News today that Arianna Huffington is leaving her eponymous website The Huffington Post to focus on her “wellbeing and productivity” startup Thrive Global poses a question: Why would Arianna give up the top job at the Pulitzer prize-winning news site with over 100 million monthly users, that she notoriously worked 18-hour days to build, to start a new business that encourages people to get 8 hours sleep?

In 2005 when Arianna co-founded The Huffington Post, the term “wellness” meant something along the lines of popping the occasional multi vitamin, eating Sainsbury’s “Be good to yourself” range, discussing “work/life” balance over a cocktail and hitting the treadmill at 5am. These days, corporate wellness is big business – £8bn in 2018, as predicted by Thrive. With mindfulness training, nutrition advice and flexible working hours emanating from the world’s top offices, big corporations are happy to adopt wellness plans to help attract and retain top talent with a different set of values to their peers before them.

Arianna is no stranger to “wellness”, having written two books around the subject, “Thrive” and “The Sleep Revolution”, as well as using her celebrity to promote consumer and corporate wellness at high profile events. Her efforts have no doubt contributed to the widespread rethinking of our understanding of mental and physical health in the last few years, and its impact on our attitudes to office work.

As outlined in Thrive’s Global Investor Deck, in the UK stress alone results in 105 million lost workdays a year; workdays that in future might be redeemable through “wellness”. This figure goes someway to explaining Arianna’s decision to turn her well rested attention to Thrive, the “corporate and consumer well-being and productivity platform” that hopes to rectify this problem, tackling some of the challenges that commonly face employees, such as stress, burnout, depression, and other chronic health issues that are brought on by work.

Thrive’s corporate offerings include workshops and seminars, e-learning courses, weekend retreats, apps, workplace solutions, mindfulness training, nutrition and sleep advice, as well as team communication design that are “all within an educational framework that encourages healthy choices”. Costs for companies to reap the benefits of Thrive’s “wellness” are not included in its initial investor deck, but if early indications are anything to go by, Arianna’s corporate health plan will come at a price. She did leave Huff Po for it after all.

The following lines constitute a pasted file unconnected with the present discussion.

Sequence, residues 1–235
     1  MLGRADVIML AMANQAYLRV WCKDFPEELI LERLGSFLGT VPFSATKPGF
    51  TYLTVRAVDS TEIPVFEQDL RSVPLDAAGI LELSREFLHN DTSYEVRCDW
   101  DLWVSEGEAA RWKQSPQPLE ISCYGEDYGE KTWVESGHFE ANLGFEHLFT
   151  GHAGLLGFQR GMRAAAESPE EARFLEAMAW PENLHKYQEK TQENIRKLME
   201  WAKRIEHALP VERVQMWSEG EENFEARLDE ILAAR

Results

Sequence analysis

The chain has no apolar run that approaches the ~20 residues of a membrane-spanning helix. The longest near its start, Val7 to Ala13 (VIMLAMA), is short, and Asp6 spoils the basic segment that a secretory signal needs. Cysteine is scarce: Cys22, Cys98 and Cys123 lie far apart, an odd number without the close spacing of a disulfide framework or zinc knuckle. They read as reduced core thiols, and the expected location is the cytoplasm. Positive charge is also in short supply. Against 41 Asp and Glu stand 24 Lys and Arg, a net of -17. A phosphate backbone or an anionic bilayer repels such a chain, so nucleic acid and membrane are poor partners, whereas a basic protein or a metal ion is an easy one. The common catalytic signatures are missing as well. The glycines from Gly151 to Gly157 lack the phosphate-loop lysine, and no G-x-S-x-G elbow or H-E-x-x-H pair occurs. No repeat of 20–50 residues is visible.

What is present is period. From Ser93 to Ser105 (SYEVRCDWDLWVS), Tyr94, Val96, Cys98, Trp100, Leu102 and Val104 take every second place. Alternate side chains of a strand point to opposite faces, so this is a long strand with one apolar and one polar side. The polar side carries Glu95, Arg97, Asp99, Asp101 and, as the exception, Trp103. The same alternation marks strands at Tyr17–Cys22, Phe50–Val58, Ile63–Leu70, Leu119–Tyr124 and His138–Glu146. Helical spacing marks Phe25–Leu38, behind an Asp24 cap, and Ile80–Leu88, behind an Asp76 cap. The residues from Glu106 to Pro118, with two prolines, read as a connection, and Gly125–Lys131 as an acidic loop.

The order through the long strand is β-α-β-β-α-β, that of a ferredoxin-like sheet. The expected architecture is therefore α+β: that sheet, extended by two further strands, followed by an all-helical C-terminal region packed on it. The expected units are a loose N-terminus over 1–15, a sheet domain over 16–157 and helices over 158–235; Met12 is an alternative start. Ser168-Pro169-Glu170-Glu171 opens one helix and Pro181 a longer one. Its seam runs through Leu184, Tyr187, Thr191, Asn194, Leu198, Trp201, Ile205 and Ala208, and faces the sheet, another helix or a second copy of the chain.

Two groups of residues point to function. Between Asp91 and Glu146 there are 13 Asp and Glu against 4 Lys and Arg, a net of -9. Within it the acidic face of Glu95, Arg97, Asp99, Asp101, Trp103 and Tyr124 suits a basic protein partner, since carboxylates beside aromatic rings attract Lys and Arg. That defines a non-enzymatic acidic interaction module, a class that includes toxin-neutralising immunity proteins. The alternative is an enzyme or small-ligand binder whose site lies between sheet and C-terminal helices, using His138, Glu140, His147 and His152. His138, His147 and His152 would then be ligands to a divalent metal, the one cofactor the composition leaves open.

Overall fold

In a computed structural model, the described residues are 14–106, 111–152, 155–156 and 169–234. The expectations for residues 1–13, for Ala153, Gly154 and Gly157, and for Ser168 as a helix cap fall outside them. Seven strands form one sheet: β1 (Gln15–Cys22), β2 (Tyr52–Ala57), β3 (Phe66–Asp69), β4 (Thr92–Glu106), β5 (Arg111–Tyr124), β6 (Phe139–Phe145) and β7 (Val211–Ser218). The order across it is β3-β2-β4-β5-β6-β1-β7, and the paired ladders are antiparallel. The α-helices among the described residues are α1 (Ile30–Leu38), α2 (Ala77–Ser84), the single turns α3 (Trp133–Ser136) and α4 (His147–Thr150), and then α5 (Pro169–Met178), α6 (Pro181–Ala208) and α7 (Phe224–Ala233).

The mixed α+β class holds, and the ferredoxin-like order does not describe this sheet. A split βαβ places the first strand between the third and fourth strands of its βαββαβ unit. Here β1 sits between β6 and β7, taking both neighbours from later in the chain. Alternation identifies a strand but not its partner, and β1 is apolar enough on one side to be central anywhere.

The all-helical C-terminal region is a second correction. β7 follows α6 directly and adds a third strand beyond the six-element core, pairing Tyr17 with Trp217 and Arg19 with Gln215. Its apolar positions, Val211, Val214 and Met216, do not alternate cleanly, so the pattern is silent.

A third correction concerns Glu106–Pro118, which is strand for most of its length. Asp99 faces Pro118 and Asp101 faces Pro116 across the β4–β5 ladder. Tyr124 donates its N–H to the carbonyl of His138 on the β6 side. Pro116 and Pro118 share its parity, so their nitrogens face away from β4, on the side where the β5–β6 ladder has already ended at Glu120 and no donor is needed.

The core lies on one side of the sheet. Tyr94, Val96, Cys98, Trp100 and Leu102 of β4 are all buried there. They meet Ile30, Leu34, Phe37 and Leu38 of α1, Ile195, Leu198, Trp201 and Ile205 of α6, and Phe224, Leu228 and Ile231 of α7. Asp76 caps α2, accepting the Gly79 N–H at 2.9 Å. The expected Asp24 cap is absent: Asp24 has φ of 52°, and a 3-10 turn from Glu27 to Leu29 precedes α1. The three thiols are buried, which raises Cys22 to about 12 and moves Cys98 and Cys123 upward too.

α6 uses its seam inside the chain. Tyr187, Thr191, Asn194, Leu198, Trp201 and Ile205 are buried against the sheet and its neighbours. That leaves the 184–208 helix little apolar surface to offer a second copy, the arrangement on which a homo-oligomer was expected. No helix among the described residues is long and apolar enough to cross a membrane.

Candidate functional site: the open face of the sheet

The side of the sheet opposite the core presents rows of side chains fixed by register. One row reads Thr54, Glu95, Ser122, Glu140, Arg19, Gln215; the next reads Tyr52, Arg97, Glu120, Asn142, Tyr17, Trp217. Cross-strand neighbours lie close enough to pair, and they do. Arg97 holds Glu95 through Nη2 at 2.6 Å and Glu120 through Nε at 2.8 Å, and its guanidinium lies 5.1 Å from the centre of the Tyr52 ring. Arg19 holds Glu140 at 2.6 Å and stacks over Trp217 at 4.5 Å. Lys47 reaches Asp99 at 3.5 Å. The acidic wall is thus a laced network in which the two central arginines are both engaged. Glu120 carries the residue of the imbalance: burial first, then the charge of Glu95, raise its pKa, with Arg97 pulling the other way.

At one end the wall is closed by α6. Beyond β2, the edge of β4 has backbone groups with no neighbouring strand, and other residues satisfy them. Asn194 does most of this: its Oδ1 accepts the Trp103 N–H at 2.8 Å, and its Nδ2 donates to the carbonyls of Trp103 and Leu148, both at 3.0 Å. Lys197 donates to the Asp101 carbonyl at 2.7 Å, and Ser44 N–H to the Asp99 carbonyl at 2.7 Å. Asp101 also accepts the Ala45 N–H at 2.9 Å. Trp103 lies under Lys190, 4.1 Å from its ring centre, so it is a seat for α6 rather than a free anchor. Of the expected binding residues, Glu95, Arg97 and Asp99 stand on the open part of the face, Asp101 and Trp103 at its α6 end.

For startups or SMEs used to cutting costs, there is unlikely to be budget leftover for Thrive Global’s “wellness” plan, and I’m sure there would be a few groans if it meant cutting the bar tab at the workplace Summer Party. But there are free (or cheap!) ways that companies, whatever size, can promote office wellness without splashing out on Thrive, and potentiality reap the benefits of a happier and healthier workforce:

  1. Office fruit, not doughnuts – this one is obvious but important, and there is a reason Thrive’s proposition includes nutrition advice. Those who eat crap, feel crap.
  2. No vacation emails – do not email employees whilst on vacation, do not expect employees to be on emails on vacation. If they are, tell them off.
  3. If you take a global call at midnight, come in later – be like Arianna and allow staff to get their 8 hours sleep!
  4. Greet colleagues with a smile – a double shot latte and clear inbox is tempting first thing in the morning, but a positive chat with a colleague is a better start to the day and creates a good work atmosphere.
  5. Set breaks – if you work solidly in the morning, don’t celebrate by scrolling through Instagram or the Daily Mail. Get away from your desk, go for a walk, chat with someone in the kitchen. Your desk is for working and when you are not working, leave it.
  6. Office plants studies by Cardiff, Exeter, Queensland and Groningen Universities demonstrate that plants can increase productivity by as much as 15% as well as improving employees’ sense of wellbeing in the workplace by up to 40%. Plants are cheap, easy to look after and brighten up any office space.
  7. Create flexible working hours – this is more realistic for some lines of work than others, but generally staff appreciate the trust and flexibility this entails. Employers should focus on quality and effectiveness of employees’ work, not the hours they put in. Allowing staff to work remotely is also a benefit appreciated by staff.
  8. Pay staff to volunteer – at MWW we get one day a year to volunteer for a cause of our choosing. Recently I volunteered at a newly opened Wetland in London. The sun was shining and getting outside proved to be a happy change. Encouraging employees to take a break from themselves and support the wider community is no bad thing!
  9. Get up, get out – turn 1-on-1 meetings into walkings, schedule picnics for staff if its sunny, encourage employees to get out for lunch. Just get out and get moving! And yes, pub crawls count too…
  10. Don’t overschedule meetings – staff like to check-in with one another and discuss work progress, but too many meetings can feel like a burden and distract from getting work done, adding to stress. Try not to schedule too many meetings in, and meetings should always have a clear outcome.

 James Gillies, Senior Account Executive, MWW London